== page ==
Wednesday, 4 November 2009

Cider Tasting

As the autumn leaves start their annual descent, the British apple season is upon us. Shelves of amber skinned Cox pippins, caramel brown russets and bright Bramleys fill shops and farmers markets across the country. For anyone with an orchard or even just one solitary tree, finding a use for this influx of flavoursome fruit presents quite a quandary.

Middle Farm in East Sussex provides one tempting solution: cider. Countless varieties of local apples are brought to the farm, passed through a press and distilled to produce gallon upon gallon of this appley brew. Take along your own apples and you will leave with containers full of the stuff.
Endless rows of cider filled barrels line an old farm building which has been lovingly fashioned into a tasting room. Our thimble sized plastic glasses were filled again and again with deceptively potent liquid of up to 8.5% ABV, also available by the pint or barrel.

On tap during out visit was a vat of intense mulled cider. Cigars of cinnamon, a few cloves and chopped winter fruit are gently heated with the cider to produce a fragrant spicy drink with none of the acrid after taste of mulled red wine and hopefully none of the hangover.

The Middle Farm recipe is simple and if anyone’s feeling abstemious it works pretty well with apple juice too. For anyone feeling the opposite adding a glug of brandy doesn't go amiss:

4 pints still cider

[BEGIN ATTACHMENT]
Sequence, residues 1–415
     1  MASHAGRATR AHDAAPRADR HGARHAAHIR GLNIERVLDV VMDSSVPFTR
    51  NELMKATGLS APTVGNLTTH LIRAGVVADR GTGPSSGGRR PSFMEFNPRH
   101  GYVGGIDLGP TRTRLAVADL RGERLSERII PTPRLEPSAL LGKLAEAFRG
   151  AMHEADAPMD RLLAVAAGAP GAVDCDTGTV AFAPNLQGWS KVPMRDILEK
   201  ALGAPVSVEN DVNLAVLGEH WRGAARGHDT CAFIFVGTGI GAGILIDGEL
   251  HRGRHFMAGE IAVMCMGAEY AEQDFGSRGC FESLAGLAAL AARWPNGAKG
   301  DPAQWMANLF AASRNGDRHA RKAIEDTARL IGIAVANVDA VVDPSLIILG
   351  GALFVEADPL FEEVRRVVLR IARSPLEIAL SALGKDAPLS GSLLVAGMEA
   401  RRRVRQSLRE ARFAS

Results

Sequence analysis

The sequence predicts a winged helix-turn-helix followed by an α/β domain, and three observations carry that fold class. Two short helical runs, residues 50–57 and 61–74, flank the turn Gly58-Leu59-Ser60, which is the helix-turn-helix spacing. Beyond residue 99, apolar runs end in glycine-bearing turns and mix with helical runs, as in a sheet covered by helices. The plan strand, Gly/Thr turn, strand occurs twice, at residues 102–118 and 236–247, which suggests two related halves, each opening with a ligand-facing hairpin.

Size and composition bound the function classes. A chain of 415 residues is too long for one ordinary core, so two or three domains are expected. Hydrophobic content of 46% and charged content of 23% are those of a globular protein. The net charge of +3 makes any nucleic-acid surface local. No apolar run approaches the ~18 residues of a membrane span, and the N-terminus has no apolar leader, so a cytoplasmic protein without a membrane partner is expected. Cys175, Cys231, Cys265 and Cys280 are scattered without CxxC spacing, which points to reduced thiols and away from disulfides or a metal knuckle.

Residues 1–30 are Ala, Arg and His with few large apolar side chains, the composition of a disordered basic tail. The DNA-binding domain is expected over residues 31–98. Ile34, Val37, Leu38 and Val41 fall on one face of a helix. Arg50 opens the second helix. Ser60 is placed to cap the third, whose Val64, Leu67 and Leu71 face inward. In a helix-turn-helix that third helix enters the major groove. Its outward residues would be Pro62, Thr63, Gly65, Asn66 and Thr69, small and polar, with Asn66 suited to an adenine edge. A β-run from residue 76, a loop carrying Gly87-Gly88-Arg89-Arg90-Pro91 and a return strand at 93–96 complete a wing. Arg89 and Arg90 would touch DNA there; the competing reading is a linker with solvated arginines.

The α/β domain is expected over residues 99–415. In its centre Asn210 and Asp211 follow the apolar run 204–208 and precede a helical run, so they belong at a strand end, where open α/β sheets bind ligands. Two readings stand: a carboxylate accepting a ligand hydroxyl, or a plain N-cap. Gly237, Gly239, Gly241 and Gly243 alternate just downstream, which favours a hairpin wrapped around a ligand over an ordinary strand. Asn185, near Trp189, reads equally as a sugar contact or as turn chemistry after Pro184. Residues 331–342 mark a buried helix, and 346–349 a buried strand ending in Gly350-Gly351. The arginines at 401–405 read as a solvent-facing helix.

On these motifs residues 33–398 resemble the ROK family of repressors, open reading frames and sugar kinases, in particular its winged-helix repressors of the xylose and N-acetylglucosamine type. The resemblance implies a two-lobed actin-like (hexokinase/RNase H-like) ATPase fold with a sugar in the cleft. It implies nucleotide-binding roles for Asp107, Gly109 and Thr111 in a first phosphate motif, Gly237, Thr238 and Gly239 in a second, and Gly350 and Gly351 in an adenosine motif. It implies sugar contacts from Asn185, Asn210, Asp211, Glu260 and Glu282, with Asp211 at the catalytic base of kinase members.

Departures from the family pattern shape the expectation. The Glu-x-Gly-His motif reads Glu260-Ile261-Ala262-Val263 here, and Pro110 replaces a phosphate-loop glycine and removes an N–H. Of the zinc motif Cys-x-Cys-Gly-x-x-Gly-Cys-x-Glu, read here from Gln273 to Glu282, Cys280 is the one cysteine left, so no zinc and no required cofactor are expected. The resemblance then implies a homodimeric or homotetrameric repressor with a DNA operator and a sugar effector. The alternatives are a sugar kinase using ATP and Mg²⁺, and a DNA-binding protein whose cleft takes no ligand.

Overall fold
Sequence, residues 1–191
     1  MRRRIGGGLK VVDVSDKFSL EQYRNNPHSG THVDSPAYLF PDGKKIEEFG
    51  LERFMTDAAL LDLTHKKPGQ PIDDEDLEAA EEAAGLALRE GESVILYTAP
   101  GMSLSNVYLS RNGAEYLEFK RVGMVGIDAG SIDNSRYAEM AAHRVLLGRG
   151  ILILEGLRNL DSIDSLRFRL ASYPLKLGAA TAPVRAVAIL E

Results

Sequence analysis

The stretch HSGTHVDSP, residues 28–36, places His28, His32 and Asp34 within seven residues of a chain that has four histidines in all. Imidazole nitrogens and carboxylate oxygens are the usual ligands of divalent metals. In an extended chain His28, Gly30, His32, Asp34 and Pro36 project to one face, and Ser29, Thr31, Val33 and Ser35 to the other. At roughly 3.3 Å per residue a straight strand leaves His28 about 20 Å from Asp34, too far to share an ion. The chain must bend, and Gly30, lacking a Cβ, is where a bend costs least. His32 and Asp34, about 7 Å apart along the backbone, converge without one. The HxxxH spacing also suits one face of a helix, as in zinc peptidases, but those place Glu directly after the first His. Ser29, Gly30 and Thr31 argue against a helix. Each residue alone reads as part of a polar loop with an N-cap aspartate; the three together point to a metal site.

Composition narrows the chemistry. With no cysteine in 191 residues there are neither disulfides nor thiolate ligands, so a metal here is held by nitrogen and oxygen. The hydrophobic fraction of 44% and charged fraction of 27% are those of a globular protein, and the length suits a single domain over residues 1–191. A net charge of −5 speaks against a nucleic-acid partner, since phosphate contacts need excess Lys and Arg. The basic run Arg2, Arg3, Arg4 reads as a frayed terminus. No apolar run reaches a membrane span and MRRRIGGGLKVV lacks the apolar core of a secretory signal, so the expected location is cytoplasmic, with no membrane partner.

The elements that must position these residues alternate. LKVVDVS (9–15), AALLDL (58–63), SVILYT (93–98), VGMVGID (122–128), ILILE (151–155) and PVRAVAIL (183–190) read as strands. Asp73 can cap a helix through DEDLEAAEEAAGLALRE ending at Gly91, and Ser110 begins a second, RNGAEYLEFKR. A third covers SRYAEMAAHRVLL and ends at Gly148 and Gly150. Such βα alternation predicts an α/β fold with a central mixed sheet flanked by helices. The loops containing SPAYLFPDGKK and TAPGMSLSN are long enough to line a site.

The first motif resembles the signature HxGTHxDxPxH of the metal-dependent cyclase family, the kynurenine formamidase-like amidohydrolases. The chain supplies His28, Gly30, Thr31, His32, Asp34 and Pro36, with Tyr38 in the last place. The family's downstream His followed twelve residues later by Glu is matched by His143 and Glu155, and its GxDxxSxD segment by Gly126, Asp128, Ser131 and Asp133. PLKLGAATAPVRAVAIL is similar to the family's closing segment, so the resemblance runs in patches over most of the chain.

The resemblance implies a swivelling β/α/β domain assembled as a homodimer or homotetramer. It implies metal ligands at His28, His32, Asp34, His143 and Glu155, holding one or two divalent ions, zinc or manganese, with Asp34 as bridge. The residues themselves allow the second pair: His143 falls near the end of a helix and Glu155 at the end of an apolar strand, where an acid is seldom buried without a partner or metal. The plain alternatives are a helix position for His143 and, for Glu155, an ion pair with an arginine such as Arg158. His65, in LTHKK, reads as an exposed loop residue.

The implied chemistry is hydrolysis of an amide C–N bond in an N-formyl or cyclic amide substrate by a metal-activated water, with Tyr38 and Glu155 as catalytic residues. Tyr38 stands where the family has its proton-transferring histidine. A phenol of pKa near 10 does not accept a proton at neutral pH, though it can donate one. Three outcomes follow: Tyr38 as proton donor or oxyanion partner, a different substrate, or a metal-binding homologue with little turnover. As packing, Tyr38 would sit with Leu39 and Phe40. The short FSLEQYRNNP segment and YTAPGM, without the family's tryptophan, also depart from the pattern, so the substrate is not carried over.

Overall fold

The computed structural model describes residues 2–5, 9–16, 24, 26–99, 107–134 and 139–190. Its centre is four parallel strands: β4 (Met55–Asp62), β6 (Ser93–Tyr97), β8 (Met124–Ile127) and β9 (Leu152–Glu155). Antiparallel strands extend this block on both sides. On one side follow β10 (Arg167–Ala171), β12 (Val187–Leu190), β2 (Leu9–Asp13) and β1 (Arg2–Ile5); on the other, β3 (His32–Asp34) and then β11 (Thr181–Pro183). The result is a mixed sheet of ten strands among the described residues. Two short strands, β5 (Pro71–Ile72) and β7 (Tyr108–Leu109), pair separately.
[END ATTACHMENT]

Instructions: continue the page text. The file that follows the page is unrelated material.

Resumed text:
3 apples
2 oranges
1 lemon (juice and zest)
2 tsp ground mixed spice
8 whole cloves
2 cinnamon quills
6 tbsp light soft brown sugar

Put all the ingredients into a pan, cover and heat gently for at least 1 hour. Don’t let it boil. That's it, ready to serve.


  1. Used your recipe for hot apple cider and it was yumyumyum. Had it all the time in Whistler and thought it was THE most amazing drink. They served it in sugar coated tall latte glasses and used the cinnamon sticks as straws which i thought was fab. Your recipe is truly scrumptious. I had some star anise in the cupboard so chucked a couple in for a bit more spiciness!

  2. I have been to Middle Farm and tasted many of their different ciders. It is a great place and have to say was amazed by all the various flavours and varieties. Having tasted quite a few of them I can say with confidence this is a place worth visiting.

    I have also had the mulled cider, and I actually prefer it to mulled wine, delicious.

    On top of that Middle Farm has a lovely farm shop supplying lots of different types of food from cheeses to jams and pastries. I love it there.